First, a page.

The number of voluntary delisting offers dipped to 12 in 2023 from 19 and 22 in the previous two years, according to a note by Touchstone Partners, a firm that specialises in M&A activity. The spike in delisting offers between 2020 and 2022 was triggered by cash-rich promoters who sought to take advantage of reduced market prices.

Successful delisting attempts are common among small-cap companies but rare among mid-caps and almost non-existent among large-caps. Insufficient interest among public shareholders followed by unreasonably high discovered prices are the key factors contributing to the failure of delisting offers, the note said.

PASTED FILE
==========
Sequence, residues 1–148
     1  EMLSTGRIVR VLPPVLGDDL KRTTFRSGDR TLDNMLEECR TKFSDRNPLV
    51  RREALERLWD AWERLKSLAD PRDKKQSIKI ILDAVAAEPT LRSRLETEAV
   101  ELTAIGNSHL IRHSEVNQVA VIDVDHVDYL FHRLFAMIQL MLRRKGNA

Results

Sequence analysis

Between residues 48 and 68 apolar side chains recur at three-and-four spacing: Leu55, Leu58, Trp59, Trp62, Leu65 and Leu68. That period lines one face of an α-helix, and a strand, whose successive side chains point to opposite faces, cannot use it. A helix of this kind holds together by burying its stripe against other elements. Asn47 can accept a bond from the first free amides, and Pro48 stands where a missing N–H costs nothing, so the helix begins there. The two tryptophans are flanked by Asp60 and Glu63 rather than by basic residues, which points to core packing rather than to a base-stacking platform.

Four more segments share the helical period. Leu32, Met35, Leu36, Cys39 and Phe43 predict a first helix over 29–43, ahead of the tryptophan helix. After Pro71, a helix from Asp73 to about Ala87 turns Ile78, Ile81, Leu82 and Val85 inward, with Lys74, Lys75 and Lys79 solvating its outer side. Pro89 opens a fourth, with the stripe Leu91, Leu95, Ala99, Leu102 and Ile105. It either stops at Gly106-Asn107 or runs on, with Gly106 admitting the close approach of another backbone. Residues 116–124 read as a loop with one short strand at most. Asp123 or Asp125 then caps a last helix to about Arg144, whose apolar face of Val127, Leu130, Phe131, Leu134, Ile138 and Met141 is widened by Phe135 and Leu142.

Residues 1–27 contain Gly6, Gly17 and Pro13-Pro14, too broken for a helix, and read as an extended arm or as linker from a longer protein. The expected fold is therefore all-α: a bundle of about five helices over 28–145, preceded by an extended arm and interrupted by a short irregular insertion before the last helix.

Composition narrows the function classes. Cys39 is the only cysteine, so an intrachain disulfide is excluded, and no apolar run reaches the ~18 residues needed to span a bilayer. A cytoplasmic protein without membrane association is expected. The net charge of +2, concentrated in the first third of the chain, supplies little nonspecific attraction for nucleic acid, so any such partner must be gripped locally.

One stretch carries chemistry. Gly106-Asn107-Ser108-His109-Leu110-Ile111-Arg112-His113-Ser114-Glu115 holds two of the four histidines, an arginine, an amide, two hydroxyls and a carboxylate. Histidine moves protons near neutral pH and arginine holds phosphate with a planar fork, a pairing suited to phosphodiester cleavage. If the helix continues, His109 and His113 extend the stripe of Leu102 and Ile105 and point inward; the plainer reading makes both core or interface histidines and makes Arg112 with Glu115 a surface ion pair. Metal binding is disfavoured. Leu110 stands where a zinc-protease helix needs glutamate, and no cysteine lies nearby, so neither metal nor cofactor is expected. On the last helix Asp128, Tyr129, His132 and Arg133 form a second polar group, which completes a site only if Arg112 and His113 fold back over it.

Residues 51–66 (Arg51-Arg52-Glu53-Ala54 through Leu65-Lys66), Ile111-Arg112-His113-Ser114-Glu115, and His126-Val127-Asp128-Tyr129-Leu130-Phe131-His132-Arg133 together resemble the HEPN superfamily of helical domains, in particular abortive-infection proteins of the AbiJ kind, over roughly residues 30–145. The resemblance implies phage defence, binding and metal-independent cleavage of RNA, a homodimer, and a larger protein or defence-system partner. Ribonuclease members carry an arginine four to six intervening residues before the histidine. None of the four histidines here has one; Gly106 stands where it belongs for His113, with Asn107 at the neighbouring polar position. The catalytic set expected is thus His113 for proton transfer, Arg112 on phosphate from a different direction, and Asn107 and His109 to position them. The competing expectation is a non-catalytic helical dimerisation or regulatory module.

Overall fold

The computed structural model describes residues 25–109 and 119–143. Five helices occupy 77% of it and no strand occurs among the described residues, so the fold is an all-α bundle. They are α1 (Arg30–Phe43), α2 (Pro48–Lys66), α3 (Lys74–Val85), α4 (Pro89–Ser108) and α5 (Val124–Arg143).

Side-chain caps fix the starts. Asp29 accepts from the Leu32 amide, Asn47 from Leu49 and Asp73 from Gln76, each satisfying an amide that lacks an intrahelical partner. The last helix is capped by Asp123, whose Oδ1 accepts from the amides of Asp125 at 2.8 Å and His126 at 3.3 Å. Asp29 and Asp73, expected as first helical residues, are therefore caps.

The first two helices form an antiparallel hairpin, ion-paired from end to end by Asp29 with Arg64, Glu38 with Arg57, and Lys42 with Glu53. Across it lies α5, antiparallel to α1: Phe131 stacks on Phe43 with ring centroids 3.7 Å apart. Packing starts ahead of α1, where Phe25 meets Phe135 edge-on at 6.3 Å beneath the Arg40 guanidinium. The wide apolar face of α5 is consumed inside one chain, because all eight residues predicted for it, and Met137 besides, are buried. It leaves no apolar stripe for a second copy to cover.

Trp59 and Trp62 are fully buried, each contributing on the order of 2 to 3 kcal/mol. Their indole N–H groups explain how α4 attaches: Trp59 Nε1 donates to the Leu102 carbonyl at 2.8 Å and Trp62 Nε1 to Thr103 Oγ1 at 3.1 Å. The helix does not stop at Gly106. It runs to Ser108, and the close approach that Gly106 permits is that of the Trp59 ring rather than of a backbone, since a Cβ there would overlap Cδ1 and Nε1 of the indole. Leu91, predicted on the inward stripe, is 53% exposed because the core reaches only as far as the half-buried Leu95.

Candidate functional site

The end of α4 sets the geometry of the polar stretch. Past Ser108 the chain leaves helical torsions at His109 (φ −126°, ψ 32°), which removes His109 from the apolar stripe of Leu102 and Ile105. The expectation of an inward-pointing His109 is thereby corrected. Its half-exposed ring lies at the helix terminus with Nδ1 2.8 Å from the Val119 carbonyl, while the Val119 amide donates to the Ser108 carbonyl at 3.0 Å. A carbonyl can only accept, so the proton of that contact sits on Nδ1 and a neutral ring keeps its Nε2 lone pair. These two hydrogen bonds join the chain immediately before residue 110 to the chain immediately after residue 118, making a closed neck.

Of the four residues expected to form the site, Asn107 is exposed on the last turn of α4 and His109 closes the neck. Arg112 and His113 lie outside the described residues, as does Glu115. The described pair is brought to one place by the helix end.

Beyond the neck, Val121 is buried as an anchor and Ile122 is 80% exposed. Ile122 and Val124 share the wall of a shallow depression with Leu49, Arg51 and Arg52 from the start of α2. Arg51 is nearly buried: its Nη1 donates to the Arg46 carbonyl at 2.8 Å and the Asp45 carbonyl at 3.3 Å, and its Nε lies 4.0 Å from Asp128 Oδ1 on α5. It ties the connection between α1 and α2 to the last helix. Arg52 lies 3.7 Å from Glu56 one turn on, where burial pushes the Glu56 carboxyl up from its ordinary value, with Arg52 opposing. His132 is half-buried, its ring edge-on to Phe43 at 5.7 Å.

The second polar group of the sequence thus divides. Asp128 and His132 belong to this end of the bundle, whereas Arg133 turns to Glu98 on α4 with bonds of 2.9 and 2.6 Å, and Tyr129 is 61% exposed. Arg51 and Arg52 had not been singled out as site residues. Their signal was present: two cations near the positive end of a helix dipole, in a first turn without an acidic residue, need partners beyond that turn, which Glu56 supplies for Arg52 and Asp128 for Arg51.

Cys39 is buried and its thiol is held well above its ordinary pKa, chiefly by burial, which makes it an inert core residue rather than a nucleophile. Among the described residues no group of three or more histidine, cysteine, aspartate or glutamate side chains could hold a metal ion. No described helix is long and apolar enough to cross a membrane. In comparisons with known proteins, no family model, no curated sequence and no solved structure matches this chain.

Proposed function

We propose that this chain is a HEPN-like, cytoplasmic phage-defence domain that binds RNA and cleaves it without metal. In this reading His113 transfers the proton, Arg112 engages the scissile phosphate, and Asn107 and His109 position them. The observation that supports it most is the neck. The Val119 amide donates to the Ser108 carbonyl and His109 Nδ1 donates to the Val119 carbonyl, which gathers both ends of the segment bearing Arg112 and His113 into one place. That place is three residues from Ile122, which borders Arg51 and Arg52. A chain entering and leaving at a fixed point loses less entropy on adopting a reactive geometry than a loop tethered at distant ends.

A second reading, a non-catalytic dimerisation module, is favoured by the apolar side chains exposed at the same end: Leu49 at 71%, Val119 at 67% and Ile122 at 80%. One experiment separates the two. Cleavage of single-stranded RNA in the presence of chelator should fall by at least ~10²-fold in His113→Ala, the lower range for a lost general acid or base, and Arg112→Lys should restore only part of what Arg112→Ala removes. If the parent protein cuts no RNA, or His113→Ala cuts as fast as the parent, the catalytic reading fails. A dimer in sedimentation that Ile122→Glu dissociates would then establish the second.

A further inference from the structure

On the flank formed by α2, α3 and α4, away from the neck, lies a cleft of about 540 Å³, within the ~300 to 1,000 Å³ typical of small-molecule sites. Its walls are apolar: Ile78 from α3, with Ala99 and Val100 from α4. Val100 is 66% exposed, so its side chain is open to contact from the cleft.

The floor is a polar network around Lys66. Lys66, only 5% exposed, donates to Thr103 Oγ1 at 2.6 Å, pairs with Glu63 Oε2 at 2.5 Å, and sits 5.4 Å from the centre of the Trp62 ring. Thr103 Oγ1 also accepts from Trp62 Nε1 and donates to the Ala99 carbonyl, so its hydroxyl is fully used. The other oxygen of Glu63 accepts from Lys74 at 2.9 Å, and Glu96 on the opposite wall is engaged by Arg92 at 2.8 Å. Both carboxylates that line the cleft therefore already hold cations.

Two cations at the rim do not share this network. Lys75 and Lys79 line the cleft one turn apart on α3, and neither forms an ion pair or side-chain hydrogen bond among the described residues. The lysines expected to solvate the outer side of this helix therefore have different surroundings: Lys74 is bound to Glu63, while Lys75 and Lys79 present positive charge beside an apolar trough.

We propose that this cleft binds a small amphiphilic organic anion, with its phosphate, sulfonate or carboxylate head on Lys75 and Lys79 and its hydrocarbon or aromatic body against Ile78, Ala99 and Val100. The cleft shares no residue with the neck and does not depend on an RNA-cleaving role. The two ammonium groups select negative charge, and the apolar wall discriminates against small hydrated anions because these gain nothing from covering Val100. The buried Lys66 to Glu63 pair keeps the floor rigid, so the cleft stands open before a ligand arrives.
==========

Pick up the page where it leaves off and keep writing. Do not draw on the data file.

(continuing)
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Delisting offers not meeting targets

Despite majority public support, delisting offers often fail to meet the 90 per cent shareholding threshold required for counter offers (often so by a narrow margin), prompting SEBI to consider diluting this threshold. SEBI’s August 2023 consultation paper had suggested allowing fixed-price delisting offers under certain scenarios, due to the often excessively high discovered price generated through the reverse book-built price discovery process.

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The changes previously proposed by SEBI were meant to address the demand and pricing uncertainties faced by acquirers. However, at its recent board meeting in November 2023, SEBI decided to defer the implementation of these changes, citing the need to assess more data. It remains to be seen what further data SEBI needs to assess before deciding on easing the current delisting regime.